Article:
We, the CCSC Executive Board, have decided to make some changes to the council meetings on Sunday nights. In the interest of telling students exactly what we are planning and where it all originated from, we published the following editorial in the spectator on Friday. You can view the article here, or simply read on below.
Let’s rewind back to December of last year. It was a warm Sunday morning, and the five of us had decided to meet at Deluxe to discuss the past semester. We had been in conversation with one another and with the rest of CCSC for the last few weeks, trying to evaluate our performance thus far. That morning, however, it became clear that the problem wasn’t so much what we had done during the semester, but what we hadn’t done.
Yes, we had accomplished some of our policy goals, helping to implement waitlists for course registration and reworking the housing system for juniors and sophomores. Our new website, yourCCSC.com, gave us a fresh brand and was quickly filling up with content, like our promised budget breakdowns. And traditional campus events like the tree lighting ceremony had gone off without a hitch. To be honest, we had done what was expected of us: run the council’s day-to-day operations without any major screw-ups and make some attempts to throw in a few new ideas.
But what we’d been struggling with all semester was that even though our work had been satisfactory, we weren’t happy. We saw a malaise among the general board, with council members not engaging with the issues or participating in events. We found our usual Sunday night meetings to be unproductive and inefficient, filled with informational updates that could have been distributed some other way. We finally realized that a decision had to be made, and if we really wanted to kick-start CCSC and chart a new path, we would have to do more. We decided that the key to shifting our tired mindset would be a radical change to our general board meetings.
Fast-forward to the present.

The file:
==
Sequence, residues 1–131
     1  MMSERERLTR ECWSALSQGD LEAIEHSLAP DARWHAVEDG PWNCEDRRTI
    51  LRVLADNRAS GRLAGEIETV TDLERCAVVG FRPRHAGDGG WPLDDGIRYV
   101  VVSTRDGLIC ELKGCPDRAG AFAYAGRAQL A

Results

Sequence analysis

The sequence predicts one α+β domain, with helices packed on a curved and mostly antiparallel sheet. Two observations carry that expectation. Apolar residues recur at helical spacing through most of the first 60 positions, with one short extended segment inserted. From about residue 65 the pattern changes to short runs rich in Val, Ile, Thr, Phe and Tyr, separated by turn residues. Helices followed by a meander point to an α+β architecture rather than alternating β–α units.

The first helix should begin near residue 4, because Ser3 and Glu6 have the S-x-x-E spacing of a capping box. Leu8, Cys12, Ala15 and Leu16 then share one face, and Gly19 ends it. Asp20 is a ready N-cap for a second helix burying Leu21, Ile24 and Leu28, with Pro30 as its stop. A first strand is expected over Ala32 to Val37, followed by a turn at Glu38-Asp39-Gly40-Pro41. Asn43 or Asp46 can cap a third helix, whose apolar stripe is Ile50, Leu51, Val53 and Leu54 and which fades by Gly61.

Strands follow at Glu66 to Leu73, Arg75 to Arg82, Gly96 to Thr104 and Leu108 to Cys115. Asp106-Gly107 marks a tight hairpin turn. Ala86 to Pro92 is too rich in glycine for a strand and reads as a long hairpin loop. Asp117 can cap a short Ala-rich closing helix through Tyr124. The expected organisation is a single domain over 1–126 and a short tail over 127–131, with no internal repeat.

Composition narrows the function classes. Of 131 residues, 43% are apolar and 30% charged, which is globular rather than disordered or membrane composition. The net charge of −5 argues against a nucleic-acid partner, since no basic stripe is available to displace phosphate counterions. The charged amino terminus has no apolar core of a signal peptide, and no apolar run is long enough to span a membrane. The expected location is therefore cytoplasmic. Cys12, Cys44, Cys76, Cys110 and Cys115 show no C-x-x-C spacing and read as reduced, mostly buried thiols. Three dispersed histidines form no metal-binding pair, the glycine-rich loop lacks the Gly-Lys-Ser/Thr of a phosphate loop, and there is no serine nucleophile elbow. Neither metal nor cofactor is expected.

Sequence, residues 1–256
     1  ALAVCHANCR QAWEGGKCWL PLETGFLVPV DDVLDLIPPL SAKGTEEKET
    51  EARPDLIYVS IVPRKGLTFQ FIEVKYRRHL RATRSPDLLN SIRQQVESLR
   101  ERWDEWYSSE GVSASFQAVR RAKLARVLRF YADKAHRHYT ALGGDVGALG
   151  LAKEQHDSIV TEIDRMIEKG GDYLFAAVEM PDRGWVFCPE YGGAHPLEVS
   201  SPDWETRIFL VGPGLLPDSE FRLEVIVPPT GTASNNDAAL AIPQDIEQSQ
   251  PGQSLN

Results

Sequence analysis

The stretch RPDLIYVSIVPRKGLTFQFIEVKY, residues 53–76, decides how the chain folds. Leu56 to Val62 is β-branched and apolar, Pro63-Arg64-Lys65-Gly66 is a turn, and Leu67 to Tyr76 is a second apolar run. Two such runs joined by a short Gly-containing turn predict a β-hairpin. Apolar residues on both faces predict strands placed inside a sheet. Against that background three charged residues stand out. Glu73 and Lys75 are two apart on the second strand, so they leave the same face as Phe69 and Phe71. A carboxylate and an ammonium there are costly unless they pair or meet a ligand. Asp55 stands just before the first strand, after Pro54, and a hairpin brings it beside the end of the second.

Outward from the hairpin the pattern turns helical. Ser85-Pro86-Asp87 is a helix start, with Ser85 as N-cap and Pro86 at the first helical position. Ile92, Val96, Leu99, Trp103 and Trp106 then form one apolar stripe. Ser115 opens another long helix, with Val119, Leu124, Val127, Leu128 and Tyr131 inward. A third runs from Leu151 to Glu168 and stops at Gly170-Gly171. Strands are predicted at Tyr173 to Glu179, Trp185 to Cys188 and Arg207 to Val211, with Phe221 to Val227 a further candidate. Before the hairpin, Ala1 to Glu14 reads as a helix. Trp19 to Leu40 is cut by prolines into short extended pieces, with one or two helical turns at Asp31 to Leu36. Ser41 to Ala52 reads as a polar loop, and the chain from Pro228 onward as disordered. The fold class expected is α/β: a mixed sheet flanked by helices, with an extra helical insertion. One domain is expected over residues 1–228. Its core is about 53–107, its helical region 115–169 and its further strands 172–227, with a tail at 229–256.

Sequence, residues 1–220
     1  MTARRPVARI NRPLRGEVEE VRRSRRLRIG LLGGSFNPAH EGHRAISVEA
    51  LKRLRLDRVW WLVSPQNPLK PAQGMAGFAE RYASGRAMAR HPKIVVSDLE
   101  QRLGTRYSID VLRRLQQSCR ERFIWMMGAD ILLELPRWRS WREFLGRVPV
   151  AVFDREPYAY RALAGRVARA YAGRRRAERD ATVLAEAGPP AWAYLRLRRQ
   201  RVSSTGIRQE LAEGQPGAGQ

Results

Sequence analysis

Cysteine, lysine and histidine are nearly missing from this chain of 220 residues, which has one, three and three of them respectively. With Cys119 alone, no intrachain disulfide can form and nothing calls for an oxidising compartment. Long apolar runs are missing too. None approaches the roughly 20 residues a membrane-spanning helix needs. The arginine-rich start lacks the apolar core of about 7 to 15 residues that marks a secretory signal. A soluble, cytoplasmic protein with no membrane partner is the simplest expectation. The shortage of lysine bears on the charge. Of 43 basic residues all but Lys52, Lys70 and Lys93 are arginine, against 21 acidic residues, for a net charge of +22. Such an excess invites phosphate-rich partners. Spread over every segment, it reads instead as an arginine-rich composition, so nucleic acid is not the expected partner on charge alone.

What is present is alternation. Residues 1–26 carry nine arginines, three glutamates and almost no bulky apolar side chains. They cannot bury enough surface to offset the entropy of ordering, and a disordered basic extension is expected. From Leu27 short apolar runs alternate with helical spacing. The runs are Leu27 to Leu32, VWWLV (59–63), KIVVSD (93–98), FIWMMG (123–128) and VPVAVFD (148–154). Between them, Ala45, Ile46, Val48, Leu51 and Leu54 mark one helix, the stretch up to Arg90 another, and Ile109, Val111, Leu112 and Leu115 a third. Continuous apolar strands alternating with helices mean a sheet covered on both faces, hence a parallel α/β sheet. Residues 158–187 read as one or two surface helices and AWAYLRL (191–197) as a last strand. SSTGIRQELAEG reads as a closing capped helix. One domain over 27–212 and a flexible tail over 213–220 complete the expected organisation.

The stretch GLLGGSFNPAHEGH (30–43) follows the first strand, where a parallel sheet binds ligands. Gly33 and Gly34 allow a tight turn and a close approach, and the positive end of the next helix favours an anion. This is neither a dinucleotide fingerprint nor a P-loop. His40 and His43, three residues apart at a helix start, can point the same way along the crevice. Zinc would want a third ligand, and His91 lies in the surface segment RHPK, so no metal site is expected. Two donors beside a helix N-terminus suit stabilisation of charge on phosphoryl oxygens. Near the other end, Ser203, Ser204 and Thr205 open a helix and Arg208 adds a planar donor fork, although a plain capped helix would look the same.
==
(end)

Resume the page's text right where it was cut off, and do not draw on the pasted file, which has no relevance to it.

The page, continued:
We want to use our time on Sunday nights in wholly new ways to solicit feedback from students and engage in fruitful discussions with different stakeholders about important campus issues. This past week, we hosted our first town hall, “What’s Wrong, Columbia?,” bringing together students from across campus to list any and all of their complaints. On Sunday, we’ll be going door-to-door in residence halls, educating students about our existence and our goals while collecting opinions and concerns. And this is just the beginning of what we want to promote this semester: a renewed effort to improve student life with CCSC leading the charge.
We believe that our standing committees are where real actions are taken and decisions are made, and this varied meeting structure is meant to provide them with new information on the opinions of students and administrators. Every initiative undertaken on Sunday nights will result in some future action, spearheaded by the policy committee or independent representatives on the council. Addressing significant issues during meetings and following up with tangible plans will be CCSC’s new mode of operation.
As part of this massive overhaul in meeting structure, Sunday night meetings will no longer be mandatory for elected council members. We want student government leaders to be willing to work on behalf of their constituents, but we’re not going to force them. Not only does this move put the onus back on the individual and require more proactive involvement, but when everyone in the room is actually interested in being there, conversations are more focused and productive. We know that students elected a talented and committed group of people to represent them last spring, and through these changes, we want to guarantee that they are engaged to the fullest extent. Attendance on Sunday nights no longer suffices as fulfilling our responsibility to students, and we are dedicated to ensuring that we as CCSC members are going above and beyond.
CCSC should be a space where students’ interests are represented and heard. Meetings with mundane updates and discussions that simply skirt over important topics are not a good use of anyone’s time. And so, the decision to change. The decision to interact with students more directly. The decision to tackle complicated issues through comprehensive and frank discussions with all stakeholders. The decision to break away from the conventional, and find innovative ways to do our jobs better. We have made a decision to change in order to return student government to the students. We want to know how we can help, so go think it over and let us know. Try Deluxe—it worked for us.